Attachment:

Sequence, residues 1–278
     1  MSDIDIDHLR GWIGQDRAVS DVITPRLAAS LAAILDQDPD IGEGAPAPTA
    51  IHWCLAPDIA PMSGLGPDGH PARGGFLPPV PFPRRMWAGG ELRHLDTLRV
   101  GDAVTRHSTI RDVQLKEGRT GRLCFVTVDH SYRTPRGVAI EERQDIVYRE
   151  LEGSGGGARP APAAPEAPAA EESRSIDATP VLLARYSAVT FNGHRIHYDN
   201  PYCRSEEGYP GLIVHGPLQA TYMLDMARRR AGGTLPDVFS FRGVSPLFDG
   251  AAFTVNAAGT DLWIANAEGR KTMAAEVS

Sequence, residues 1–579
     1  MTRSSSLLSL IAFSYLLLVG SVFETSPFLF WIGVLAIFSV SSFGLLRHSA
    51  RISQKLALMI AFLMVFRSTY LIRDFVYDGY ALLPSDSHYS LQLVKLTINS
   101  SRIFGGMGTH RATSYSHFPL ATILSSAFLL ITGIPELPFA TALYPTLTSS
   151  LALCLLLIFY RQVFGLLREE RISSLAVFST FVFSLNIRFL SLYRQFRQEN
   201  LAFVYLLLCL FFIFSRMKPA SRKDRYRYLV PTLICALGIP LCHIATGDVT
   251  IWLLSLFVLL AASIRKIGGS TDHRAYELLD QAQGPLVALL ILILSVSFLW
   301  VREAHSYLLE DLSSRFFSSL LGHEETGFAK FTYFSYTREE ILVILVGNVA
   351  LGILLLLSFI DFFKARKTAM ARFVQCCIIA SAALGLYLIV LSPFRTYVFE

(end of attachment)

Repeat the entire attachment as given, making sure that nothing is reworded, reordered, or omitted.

Sequence, residues 1–278
     1  MSDIDIDHLR GWIGQDRAVS DVITPRLAAS LAAILDQDPD IGEGAPAPTA
    51  IHWCLAPDIA PMSGLGPDGH PARGGFLPPV PFPRRMWAGG ELRHLDTLRV
   101  GDAVTRHSTI RDVQLKEGRT GRLCFVTVDH SYRTPRGVAI EERQDIVYRE
   151  LEGSGGGARP APAAPEAPAA EESRSIDATP VLLARYSAVT FNGHRIHYDN
   201  PYCRSEEGYP GLIVHGPLQA TYMLDMARRR AGGTLPDVFS FRGVSPLFDG
   251  AAFTVNAAGT DLWIANAEGR KTMAAEVS

Sequence, residues 1–579
     1  MTRSSSLLSL IAFSYLLLVG SVFETSPFLF WIGVLAIFSV SSFGLLRHSA
    51  RISQKLALMI AFLMVFRSTY LIRDFVYDGY ALLPSDSHYS LQLVKLTINS
   101  SRIFGGMGTH RATSYSHFPL ATILSSAFLL ITGIPELPFA TALYPTLTSS
   151  LALCLLLIFY RQVFGLLREE RISSLAVFST FVFSLNIRFL SLYRQFRQEN
   201  LAFVYLLLCL FFIFSRMKPA SRKDRYRYLV PTLICALGIP LCHIATGDVT
   251  IWLLSLFVLL AASIRKIGGS TDHRAYELLD QAQGPLVALL ILILSVSFLW
   301  VREAHSYLLE DLSSRFFSSL LGHEETGFAK FTYFSYTREE ILVILVGNVA
   351  LGILLLLSFI DFFKARKTAM ARFVQCCIIA SAALGLYLIV LSPFRTYVFE